The American Loggers Council (ALC) and its member state logging associations delivered letters to U.S. Department of Agriculture (USDA) Secretary Sonny Perdue, asking the administration to include unrefined forest products as an agricultural commodity. ALC and its members say aligning timber and agriculture would enable impacted loggers to receive relief as the industry continues to be impacted by retaliatory tariffs.
According to Merriam-Webster, a forest is “a dense growth of trees and underbrush covering a large tract,” while woods are “a dense growth of trees usually greater in extent than a grove and smaller than a forest.” To set it apart from woods, or woodland, a forest usually has to meet certain density qualifications. Unlike forests, jungles don’t have specific scientific classifications, because the word jungle isn’t really used by scientists. According to Sciencing, it’s a colloquial term that usually denotes what scientists refer to as tropical forests.
Louisville Gas and Electric (LG&E) requested an easement from Bernheim Arboretum and Research Forest for the proposed Bullitt County Natural Gas Pipeline. Alternative routes exist that would not destroy conservation lands.
If you’re interested in getting involved, please consider signing a Petition to protect the Cedar Grove Wildlife Corridor. This Corridor is the section of Bernheim property that LG&Eequested easement and deed restrictions for.
Helping existing forests grow to their full potential is more beneficial than reforesting areas that were previously logged or growing trees in areas where there were none.
The research paper “Intact Forests in the United States: Proforestation Mitigates Climate Change and Serves the Greatest Good,” published in scientific journal Frontiers in Forests and Global Change on June 11, cites research that found “extending harvest cycles and reducing cutting on public lands had a larger effect than either afforestation or reforestation on increasing carbon stored in forests in the Northwest United States.”
From the Kentucky Resources Council August 2019 newsletter
The defense of the Bernheim Arboretum and Research Forest continues in Bullitt County. KRC’s Environmental and Community Defense team is gearing up its legal defense of Bernheim-owned tracts that are under a double-threat of taking by LG&E and of a future by-pass corridor. It is working alongside additional counsel to protect one of our state’s ecologically diverse conservation corridors. The proposed pipeline threatens conservation efforts at Bernheim, and is the first known effort of a Kentucky electric utility to interfere with a conservation easement in order to locate an intrastate pipeline, and proposes to run gas service through the easement and across a number of private properties and waterways in order to serve populations other than those across whose property it will impact.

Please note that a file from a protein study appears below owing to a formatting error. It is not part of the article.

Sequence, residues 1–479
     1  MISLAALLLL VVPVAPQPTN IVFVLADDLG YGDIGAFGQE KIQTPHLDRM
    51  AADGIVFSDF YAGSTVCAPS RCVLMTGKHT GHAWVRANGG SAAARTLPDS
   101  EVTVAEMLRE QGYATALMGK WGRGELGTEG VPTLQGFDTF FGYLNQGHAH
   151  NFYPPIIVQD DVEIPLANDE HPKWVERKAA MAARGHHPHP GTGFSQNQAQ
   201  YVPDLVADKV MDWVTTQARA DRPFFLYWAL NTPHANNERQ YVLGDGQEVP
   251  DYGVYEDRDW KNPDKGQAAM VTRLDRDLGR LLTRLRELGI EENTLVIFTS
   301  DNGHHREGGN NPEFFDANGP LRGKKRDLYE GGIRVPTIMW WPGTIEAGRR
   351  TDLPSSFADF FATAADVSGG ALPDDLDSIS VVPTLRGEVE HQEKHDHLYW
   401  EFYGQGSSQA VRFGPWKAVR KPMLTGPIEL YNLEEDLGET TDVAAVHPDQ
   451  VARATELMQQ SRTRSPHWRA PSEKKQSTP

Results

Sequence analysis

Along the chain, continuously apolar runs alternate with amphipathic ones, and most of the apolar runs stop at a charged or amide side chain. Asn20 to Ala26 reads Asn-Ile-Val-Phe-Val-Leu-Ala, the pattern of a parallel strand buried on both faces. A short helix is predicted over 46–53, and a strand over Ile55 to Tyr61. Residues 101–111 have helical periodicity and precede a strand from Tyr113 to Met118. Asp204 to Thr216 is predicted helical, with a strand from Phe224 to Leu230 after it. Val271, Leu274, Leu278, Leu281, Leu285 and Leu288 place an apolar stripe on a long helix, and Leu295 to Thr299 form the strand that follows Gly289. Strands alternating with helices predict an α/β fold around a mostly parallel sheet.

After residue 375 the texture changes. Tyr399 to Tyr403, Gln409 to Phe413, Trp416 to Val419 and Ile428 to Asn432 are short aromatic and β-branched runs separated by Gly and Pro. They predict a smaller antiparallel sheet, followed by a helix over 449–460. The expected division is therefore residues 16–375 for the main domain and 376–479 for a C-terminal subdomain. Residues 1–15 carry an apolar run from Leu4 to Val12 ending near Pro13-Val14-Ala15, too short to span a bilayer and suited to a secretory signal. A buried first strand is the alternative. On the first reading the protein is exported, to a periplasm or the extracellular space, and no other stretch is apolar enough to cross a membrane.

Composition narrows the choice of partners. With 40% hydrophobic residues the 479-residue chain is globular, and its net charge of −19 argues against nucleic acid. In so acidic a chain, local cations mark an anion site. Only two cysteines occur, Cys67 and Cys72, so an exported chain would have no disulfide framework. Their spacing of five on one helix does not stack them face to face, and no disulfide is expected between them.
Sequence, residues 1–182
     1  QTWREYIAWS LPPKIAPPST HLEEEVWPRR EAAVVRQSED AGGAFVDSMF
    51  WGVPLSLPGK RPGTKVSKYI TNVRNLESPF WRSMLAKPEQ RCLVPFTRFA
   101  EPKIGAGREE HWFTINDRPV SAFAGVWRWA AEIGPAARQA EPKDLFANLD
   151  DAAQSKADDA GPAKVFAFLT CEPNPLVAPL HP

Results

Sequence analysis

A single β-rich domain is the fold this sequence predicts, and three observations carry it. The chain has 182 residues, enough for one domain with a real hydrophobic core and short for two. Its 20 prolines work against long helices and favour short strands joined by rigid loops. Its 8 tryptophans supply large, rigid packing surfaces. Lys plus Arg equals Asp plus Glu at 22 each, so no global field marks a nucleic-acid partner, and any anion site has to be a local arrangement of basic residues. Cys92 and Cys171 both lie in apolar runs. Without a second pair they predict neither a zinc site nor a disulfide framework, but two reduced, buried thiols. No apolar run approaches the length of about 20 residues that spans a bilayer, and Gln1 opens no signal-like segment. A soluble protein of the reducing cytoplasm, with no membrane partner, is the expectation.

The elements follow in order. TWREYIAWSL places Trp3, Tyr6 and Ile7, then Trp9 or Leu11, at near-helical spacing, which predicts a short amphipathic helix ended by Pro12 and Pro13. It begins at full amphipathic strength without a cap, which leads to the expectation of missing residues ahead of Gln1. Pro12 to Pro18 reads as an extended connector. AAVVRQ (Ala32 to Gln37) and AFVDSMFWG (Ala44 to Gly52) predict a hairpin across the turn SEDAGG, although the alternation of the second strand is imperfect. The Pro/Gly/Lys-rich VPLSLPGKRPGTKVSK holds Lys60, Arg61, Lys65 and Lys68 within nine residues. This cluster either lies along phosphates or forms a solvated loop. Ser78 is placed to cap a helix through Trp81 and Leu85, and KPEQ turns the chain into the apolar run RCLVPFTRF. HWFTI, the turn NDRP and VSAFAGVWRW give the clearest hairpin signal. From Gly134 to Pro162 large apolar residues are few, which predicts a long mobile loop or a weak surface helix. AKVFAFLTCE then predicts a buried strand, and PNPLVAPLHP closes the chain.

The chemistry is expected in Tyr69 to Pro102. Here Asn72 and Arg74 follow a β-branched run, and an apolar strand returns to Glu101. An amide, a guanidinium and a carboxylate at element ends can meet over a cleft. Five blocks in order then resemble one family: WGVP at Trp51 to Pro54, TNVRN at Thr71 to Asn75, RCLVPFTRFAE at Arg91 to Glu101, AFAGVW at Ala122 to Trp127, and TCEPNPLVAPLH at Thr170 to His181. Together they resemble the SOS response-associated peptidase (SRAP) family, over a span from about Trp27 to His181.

January 2020 Update – KRC continues its representation of the Isaac Bernheim Foundation in opposing the effort of Louisville Gas and Electric Company to condemn an easement across two properties acquired by Bernheim for a conservation corridor. KRC has filed and briefed a motion to dismiss the condemnation petition for failure to have named and negotiated with the U.S. Fish and Wildlife Service which owns an interest in the properties conferring on it the right to allow or refuse to allow such easements.
For more information about how this matter has unfolded…
Bernheim Under Threat Roadshow
Representatives from Bernheim will travel Bullitt County and the surrounding area to provide direct education on their current threat. Bernheim’s road show and schedule is planned for several months.
Contact the Corps of Engineers and Fish & Wildlife
KRC is working hard to represent Bernheim in this ongoing issue, and your voice can make a difference, too. If you’re interested in getting involved, please consider contacting the Corps of Engineers and the Fish and Wildlife Service using the information below. As LG&E seeks approval for a pipeline corridor that its own consultant recommended avoiding, now is the time to demand that the U.S. Army Corps of Engineers consider not merely the water crossings and wetland loss, but also the impacts on terrestrial rare and endangered species and public and private lands, and that the Corps demand an individual 404 permit application and a complete terrestrial and aquatic biological assessment along the chosen route, as well as full consideration of alternatives.
Louisville District of the Corps of Engineers
Louisville District Regulatory Division Office, South Branch
Kentucky Field Station of the US Fish and Wildlife Service Office
502-695-0468 | email@example.com
Human Dimension of Forestry and Natural Resources is a new forestry course in the University of Kentucky curriculum for forestry major seniors.